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Substance Abuse

Warning Signs of Drug or Alcohol Abuse

Drug and alcohol abuse or misuse—excessive or inappropriate use of a substance—can be difficult to define, and people’s opinions, values, and beliefs vary significantly on the topic. For some, any use of an illegal drug or any use of alcohol with the primary purpose of intoxication constitutes abuse. For others, abuse is indicated by recurring, negative consequences, such as:

  • Failure to meet social, work, and academic obligations.
  • Physical injury or illness.
  • Alcohol- or drug-related legal problems, such as arrest for driving while intoxicated.
  • Relationship problems with intimate partners, friends, and family.
  • Impulsivity, such as spending money excessively.
  • Diminished interest in other activities.
  • Short-term memory loss or blackouts.
  • Signs that Abuse Has Become Addiction
  • Mood swings that can include depression, irritability, and aggressive behavior.
    Significant cravings for the drug of choice.
    Turning to substance use as a coping method for stress or difficult emotions.
    Beginning to think that your substance use is normal for you even if it results in a number of negative consequences such as financial issues, legal issues, problems with relationships, and problems at work.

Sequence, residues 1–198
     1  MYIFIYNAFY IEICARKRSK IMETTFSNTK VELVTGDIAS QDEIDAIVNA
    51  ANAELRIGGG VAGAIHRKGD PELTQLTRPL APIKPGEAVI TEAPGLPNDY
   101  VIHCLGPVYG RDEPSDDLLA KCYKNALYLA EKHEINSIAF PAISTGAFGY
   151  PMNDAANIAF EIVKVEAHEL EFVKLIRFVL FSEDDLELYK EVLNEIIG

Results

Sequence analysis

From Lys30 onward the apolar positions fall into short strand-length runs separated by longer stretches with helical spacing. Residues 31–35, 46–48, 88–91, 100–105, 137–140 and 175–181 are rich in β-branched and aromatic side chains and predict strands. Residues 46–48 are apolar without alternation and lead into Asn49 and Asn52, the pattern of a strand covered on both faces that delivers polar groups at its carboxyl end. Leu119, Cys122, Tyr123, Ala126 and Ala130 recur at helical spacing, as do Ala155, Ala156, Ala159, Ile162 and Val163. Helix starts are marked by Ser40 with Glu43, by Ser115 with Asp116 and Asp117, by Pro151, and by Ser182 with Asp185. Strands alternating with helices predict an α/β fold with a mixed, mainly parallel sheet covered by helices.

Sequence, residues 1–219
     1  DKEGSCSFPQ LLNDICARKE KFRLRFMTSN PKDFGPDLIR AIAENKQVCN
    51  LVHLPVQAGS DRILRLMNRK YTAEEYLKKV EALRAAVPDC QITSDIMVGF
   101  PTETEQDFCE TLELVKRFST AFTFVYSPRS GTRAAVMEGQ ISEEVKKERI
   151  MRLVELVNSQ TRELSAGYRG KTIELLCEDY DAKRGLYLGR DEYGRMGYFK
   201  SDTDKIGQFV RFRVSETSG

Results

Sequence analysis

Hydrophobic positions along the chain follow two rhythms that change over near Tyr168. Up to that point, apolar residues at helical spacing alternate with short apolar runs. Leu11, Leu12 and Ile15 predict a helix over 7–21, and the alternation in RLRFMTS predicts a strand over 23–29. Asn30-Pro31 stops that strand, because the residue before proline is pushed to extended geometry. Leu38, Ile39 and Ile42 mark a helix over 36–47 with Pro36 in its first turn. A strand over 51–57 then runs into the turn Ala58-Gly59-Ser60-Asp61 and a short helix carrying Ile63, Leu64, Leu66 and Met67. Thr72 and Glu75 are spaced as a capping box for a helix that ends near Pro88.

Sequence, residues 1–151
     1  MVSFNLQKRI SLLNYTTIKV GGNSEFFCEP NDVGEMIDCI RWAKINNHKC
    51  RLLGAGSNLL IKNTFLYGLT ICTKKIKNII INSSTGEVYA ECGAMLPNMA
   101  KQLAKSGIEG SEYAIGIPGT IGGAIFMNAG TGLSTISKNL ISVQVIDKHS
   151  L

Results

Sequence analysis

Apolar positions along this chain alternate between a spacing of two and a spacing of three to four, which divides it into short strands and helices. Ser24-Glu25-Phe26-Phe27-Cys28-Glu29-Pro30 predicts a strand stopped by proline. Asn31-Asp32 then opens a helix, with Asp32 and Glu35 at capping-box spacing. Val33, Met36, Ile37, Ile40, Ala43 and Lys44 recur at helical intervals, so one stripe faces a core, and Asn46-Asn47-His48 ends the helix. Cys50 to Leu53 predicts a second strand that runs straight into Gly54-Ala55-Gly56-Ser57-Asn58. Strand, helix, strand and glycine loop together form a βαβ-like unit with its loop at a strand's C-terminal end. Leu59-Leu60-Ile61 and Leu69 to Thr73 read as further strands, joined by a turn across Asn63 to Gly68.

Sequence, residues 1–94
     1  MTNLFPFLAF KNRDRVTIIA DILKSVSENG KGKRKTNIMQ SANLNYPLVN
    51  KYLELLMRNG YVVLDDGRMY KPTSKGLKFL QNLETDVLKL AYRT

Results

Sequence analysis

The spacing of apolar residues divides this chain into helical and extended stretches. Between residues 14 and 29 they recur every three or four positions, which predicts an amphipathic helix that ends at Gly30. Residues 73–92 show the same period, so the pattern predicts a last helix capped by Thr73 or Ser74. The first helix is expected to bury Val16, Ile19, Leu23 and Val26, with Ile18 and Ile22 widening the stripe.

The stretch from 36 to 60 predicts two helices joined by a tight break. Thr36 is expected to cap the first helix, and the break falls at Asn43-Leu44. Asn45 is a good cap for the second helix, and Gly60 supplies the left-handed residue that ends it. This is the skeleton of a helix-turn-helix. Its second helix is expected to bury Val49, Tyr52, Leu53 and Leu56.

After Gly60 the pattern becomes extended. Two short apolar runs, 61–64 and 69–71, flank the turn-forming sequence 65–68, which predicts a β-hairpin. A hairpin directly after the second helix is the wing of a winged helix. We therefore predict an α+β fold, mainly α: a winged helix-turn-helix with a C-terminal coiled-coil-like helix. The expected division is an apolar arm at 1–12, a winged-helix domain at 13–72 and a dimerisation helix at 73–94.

Becoming defensive and aggressive when someone tries to discuss your substance use with you.
    Displaying periods of uncharacteristic hyperactivity, overexcitement, or cheerfulness, or agitation and irritability.
    Displaying periods of lethargy, lack of motivation, or being highly distractible (e.g., spaced out).
    Having periods where you are anxious, fearful, or suspicious or paranoid with no discernible reason for this behavior.
  • Changes in your behavior such as suddenly becoming unreliable; not being as involved as you once were with friends or family; not fulfilling important personal obligations; and isolating yourself from people who you normally enjoy spending time with.
  • Physical changes such as losing weight; sores on your face, arms, or legs; issues with your dental health; nosebleeds; or a general overall disheveled appearance.
  • A lack of attention to your appearance or personal hygiene.
  • Red, bloodshot, or glassy eyes.
  • Being congested all the time.
  • Your basic lifestyle patterns are altered, such as sleeping and eating patterns.
  • Sudden intermittent complaints of feeling ill or having flulike symptoms.
  • Needing more of the substance to achieve the same effect that was once achieved at lower doses (a warning sign of tolerance).
  • Experiencing depression, anxiety, or severe cravings after attempts to quit your drug of choice (warning signs of withdrawal symptoms). You frequently begin using your drug of choice to alleviate these symptoms.